27 August 2014

CUHK Releases Survey Findings on Public’s Views on Residential Land Supply and Property Prices of Hong Kong



A telephone survey was conducted from 19 to 21 August 2014 by the Hong Kong Institute of Asia-Pacific Studies, The Chinese University of Hong Kong to study the public views on residential land supply and the level of property prices of Hong Kong.  738 respondents aged 18 or above were successfully interviewed, with a response rate of 45.0%.  The sampling error is + or –3.61% at a confidence level of 95%.

Major findings are summarized as follows:

The survey found that an overwhelming majority (90.4%) of respondents thought the current level of property prices are too high, only 0.4% of the respondents felt otherwise.  6.6% said that the current level was appropriate.  Regarding their predictions of property prices in the coming year, two-fifths of them (42.5%) thought that the price level would remain at the current level.  37.3% predicted a rise and 11.0% predicted a fall.  Among those expecting a rise (275 respondents)  , 12.4%, 54.2%, 20.4%, and 6.2% thought that the property prices would increase by less than 5%, 5-<10%, 10-<20%, and at least 20% in the next year respectively.  And among those predicting a fall (81 respondents), 9.9%, 48.1%, 24.7%, and 13.6% thought the decrease would be in the ranges of less than 5%, 5-<10%, 10-<20%, and at least 20% respectively.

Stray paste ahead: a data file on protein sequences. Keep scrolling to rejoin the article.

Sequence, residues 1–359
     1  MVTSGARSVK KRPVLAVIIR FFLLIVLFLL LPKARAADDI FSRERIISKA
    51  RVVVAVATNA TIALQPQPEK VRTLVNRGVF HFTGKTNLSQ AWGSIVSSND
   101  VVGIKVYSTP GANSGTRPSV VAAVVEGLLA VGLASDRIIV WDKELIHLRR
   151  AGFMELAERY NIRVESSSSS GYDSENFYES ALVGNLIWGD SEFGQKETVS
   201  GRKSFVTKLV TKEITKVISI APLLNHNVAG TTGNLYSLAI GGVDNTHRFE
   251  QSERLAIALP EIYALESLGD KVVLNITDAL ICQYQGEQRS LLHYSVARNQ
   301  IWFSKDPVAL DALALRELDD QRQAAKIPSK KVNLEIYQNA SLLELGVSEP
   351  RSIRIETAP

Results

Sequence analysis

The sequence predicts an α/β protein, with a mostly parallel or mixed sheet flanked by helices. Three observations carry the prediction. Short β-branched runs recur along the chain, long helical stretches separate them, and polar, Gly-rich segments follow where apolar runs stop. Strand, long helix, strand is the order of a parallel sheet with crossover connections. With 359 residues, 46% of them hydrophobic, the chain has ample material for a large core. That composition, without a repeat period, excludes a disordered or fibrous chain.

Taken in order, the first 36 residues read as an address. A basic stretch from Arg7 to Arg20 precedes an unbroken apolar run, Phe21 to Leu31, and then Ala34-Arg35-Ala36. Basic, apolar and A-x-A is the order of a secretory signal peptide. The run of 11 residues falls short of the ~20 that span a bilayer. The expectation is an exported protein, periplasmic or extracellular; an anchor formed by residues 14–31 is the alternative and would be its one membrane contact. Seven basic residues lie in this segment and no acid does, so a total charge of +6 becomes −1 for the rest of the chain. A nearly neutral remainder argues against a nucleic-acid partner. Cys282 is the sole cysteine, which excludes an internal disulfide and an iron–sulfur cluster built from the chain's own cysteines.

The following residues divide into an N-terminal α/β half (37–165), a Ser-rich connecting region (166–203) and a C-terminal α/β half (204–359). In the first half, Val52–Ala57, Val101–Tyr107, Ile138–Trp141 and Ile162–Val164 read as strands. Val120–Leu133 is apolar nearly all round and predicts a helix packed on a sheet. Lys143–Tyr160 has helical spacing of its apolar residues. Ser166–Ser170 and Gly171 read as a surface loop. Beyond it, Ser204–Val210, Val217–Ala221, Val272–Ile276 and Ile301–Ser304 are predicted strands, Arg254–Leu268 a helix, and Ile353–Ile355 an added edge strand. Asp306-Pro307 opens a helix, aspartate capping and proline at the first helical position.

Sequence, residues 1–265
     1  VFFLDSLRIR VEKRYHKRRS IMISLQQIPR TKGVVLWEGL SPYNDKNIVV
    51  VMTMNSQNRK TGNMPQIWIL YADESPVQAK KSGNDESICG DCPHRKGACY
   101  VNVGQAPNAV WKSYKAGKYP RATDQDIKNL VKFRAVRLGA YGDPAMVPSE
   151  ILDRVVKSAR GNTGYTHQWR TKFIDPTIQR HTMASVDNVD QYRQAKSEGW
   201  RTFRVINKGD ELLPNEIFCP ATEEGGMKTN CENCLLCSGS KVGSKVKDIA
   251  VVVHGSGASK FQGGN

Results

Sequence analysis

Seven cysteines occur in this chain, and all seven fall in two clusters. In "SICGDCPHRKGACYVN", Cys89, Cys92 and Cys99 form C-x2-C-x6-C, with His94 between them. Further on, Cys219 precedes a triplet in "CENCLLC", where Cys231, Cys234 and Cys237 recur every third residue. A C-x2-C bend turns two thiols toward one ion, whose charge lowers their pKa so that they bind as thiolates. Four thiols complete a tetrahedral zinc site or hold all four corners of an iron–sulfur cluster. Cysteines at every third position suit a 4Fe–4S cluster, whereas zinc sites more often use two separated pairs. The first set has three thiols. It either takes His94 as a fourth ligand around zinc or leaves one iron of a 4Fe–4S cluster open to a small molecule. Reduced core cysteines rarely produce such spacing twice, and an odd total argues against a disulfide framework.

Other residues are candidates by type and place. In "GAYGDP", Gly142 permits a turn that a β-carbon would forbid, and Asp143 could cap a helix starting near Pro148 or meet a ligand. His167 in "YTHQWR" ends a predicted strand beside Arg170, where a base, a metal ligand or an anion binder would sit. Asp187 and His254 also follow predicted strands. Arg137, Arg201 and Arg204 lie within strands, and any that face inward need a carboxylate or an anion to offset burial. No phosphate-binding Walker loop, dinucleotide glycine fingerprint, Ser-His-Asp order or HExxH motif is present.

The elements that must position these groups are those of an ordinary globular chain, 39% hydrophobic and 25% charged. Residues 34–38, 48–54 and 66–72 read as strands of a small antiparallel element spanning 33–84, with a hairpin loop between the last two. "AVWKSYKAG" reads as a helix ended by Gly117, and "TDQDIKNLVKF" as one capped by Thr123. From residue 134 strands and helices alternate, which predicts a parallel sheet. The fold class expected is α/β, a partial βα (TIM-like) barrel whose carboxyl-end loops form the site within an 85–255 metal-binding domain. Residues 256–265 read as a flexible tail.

In the survey, respondents were asked about their opinion on increasing residential land supply.  Among five ways of increasing residential land supply, expediting urban renewal was supported by a larger proportion (33.1%) of the respondents.  25.8% opted for converting non-residential land for residential use, 19.8% chose acquiring private land (excluding those for New Territories small houses) in the New Territories, 7.3% considered land reclamation outside Victoria Harbor, and 4.6% opted for increasing the density of development in residential land.

Concerning the impacts of increasing residential land supply, over half (55.1%) of the respondents accepted the impacts on ways of living and community network of the residents concerned, while 36.3% thought these impacts are  “unacceptable” or “highly unacceptable”;  41.6% said it’s “acceptable” or “highly acceptable” to increase the density of development, while more than half of the respondents (51.5%) considered it  “unacceptable or “highly unacceptable”.  Less than one-third (32.9%) of the respondents accepted  the effects on natural environment posed by boosting residential land supply, while 59.6% found it “unacceptable” or “highly unacceptable”.